June 2024: Vacation Time, Warm Weather Safety, Creating an Emergency Response Plan, Changes to Sunlife Benefit Premiums

Posted on Jun 19, 2024

Vacation Time 

Heartland Housing Foundation recognizes the importance of personal time off for the health and well-being of its employees.  That means HHF encourages employees to take time off for the purpose of rest and relaxation.  
All permanent full time employees (working 30+ hours each week) will accrue paid vacation days at a rate reflective of their years of service.  All other employees who do not fall under full-time will be paid out vacation pay on each cheque in accordance with HHF policy. Regardless of what group you may fall in, vacation is required and encouraged for all employees.   
Vacations must be approved by your Manager prior to the employee making any vacation commitments such as flights.  Employees will submit a vacation request form to their manager.  You can ask your manager for this form.  If approved, your manager will confirm the acceptance and note your time away in Dayforce.   
In the summer, vacation requests longer than 1-2 weeks, may cause a strain on our staffing complement as all employees like to enjoy the beautiful weather.  Some vacation requests may not be approved depending on each site's requests and needs.  Please work with your manager when trying to schedule your vacation time. 
Enjoy your summer and happy travels! 


Warm Weather Tips  

It's getting hot out there! Summer is a time for family road trips, outdoor fun in the sun and hopefully lots of sunny weather. Here's some tips to prepare for safe summer days! 

Stay cool in the heat: Keep cool and hydrated and minimize your time in the sun between 11:00 a.m. and 4:00 p.m. Drink plenty of water, find shade, visit cool buildings, slow down, bathe in cool water and wear light-coloured clothing. Never leave children or pets inside a parked vehicle. When the outside air temperature is 23°C/73°F, the temperature inside a vehicle can be extremely dangerous – more than 50°C/122°F.  

When thunder roars, go indoors: Stay inside for at least 30 minutes after the last rumble of thunder. If you can hear thunder, you can get hit by lightning. Take shelter immediately in a sturdy, fully enclosed building with wiring and plumbing. If no solid building is available, you can take shelter in a metal-roofed vehicle.  

Pack an emergency kit: You may have some kit items already, such as a flashlight, a wind-up radio, food, water and a manual can opener. Make sure they are organized and easy to find in case you need to evacuate your home. Make a kit to go in a backpack. Whatever you do, don't wait until a disaster is happening to make a kit. Check out how to put together an emergency kit. 

Connect with care: Don't mention going away on vacation in your social networking status updates. You may also want to delete messages from friends who mention these things to avoid the possibility of someone taking advantage of that knowledge while you are away. Avoid geotagging photos. Most smartphones and many digital cameras automatically attach the exact location where a photo was taken – and when you share it online, the geotag can give away your address or let criminals know that you're on vacation, which could make your home a target for break-in.  

Reference: https://www.getprepared.gc.ca/cnt/rsrcs/sfttps/tp201407-en.aspx


Emergency preparedness: Creating a plan to prepare for emergencies 

Creating an emergency plan with family and friends or for yourself if you live alone, will help you be prepared should a disaster, crisis, or other emergency strike. Consider the types of disasters that may happen from a fire to severe weather to earthquakes and other events. If you live with others, talk as a group about why it’s important to prepare for a disaster.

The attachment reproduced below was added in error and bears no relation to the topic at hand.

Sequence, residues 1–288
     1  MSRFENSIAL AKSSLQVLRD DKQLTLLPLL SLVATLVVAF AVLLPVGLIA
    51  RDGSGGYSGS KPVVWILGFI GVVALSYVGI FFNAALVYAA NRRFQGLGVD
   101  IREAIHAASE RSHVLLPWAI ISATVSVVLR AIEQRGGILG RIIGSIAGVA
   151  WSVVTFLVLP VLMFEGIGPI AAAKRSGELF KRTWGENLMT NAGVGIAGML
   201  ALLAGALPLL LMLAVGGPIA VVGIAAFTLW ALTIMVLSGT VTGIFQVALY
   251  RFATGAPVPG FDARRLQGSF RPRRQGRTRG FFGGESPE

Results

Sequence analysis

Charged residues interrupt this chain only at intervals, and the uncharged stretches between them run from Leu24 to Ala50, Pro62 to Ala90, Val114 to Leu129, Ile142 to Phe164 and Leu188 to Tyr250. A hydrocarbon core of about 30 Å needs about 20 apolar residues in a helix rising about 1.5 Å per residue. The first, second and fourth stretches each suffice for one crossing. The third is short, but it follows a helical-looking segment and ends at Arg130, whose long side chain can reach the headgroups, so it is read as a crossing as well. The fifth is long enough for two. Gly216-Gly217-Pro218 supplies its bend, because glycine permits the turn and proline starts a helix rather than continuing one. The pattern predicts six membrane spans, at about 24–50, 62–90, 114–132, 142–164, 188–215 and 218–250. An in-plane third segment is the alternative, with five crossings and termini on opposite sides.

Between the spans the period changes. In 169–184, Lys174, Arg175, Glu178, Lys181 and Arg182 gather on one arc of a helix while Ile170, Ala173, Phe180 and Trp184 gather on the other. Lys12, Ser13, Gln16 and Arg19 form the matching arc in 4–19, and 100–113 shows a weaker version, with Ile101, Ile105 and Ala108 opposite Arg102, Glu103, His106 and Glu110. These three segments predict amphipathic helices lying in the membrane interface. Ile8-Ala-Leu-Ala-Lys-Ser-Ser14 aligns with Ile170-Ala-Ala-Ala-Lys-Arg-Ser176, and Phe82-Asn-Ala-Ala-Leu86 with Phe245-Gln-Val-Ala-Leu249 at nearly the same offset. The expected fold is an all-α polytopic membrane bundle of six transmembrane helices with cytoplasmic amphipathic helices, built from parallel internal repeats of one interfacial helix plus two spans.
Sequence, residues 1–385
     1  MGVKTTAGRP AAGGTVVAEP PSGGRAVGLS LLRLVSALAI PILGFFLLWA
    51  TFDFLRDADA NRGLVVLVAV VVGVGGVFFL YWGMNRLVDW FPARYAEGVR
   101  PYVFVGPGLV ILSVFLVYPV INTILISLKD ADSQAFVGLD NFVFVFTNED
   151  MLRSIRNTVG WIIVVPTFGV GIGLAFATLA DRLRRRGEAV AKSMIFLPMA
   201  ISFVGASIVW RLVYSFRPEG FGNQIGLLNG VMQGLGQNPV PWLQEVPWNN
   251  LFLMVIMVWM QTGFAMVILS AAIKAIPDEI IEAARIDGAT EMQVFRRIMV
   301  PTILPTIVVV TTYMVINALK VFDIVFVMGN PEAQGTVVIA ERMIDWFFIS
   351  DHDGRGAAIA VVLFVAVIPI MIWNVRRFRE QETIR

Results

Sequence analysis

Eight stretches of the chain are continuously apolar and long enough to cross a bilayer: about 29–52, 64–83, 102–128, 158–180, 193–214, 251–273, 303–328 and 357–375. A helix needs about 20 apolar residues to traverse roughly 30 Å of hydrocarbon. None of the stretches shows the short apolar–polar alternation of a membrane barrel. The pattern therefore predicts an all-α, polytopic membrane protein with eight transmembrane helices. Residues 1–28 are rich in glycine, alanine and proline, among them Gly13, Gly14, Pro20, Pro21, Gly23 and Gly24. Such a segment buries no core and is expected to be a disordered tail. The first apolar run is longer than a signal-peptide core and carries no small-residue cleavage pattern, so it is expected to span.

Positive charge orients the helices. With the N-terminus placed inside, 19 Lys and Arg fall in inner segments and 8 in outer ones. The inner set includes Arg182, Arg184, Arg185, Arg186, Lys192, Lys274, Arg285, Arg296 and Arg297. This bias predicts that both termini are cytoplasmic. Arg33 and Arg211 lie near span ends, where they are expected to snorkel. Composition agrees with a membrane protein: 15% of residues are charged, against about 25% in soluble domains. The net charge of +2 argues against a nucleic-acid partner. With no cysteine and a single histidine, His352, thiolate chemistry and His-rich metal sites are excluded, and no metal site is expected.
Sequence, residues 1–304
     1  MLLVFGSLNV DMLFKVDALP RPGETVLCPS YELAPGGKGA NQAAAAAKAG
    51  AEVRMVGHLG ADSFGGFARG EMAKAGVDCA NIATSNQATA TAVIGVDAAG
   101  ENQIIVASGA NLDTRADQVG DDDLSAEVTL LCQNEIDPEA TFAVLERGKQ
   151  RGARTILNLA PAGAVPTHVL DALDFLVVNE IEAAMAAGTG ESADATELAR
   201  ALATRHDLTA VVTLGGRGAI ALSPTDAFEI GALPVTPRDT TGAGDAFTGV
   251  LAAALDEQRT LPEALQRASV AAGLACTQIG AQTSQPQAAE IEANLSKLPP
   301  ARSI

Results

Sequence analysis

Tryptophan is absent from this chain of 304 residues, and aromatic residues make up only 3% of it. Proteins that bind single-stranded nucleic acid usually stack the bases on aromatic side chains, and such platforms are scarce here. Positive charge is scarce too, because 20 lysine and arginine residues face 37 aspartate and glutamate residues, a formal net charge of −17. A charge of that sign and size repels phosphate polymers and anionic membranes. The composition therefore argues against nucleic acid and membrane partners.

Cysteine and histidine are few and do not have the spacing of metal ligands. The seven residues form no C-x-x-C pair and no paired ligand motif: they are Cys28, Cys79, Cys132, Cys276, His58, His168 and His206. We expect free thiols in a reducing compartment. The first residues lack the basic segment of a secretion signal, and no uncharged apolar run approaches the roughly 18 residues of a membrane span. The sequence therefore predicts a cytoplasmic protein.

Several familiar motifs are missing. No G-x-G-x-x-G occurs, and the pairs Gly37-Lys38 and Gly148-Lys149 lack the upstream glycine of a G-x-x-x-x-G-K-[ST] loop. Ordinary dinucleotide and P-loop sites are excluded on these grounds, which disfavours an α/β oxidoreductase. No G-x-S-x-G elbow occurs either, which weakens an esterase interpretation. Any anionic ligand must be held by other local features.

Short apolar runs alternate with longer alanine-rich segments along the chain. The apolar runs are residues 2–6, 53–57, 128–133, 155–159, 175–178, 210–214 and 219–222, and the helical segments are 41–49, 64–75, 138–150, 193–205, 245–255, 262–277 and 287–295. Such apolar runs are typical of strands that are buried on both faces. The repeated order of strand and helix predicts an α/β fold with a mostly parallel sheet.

• Post emergency telephone numbers (fire, police, ambulance, etc.) by phones 
  • Ensure that mobile phones are set to receive emergency alerts. 
  • Discuss with everyone living in your home what to do in an evacuation 
  • Draw a floor plan of your home to determine the best escape routes and post it. 
  • Find safe spots in your home for each type of disaster. 
  • Be familiar with how to use the fire extinguisher.  
  • Take a basic class in first aid and CPR 
  • Pick two places to meet should you need to evacuate 
  • Leave at least half a tank of fuel in each car at all times 
  • Be familiar with how and when to turn off the water, gas, and electricity in your home at the main switches.  
  • Install smoke alarms, carbon monoxide detectors, and fire extinguishers on each level of your home 
  • Replace stored water every three months and stored food every six months. 
  • Conduct fire and emergency evacuation drills every six months. 


Sunlife Benefits Premium Changes  

Your premiums for Critical Illness, Extended Health Care (EHC) and Dental coverage are changed on May 31, 2024. 

Effective May 31, 2024, the cost of our benefit premiums will be increased by an overall 15.35%. This increase will be reflected on your pay stub dated June 21, 2024. Premium increases are necessary to appropriately fund our claims activity, and this increase is significantly lower than those being seen by other employee groups in the province. We are pleased with the renewal rates that we could secure with SunLife. The proportion for what you (the employee) pays remains at 25% and Heartland Housing Foundation covers the other 75% of the Benefit program’s cost.    

Our premium rates remain competitive in the marketplace. The breakdown of critical illness, extended health and dental costs for each paycheque for both the employees and employer are shown in the chart below:  

Cost to Employees 



Cost to Employer 



Critical Illness 



Critical Illness 



Health Single 



Health Single 



Health Family 



Health Family 



Dental Single 



Dental Single 



Dental Family 



Dental Family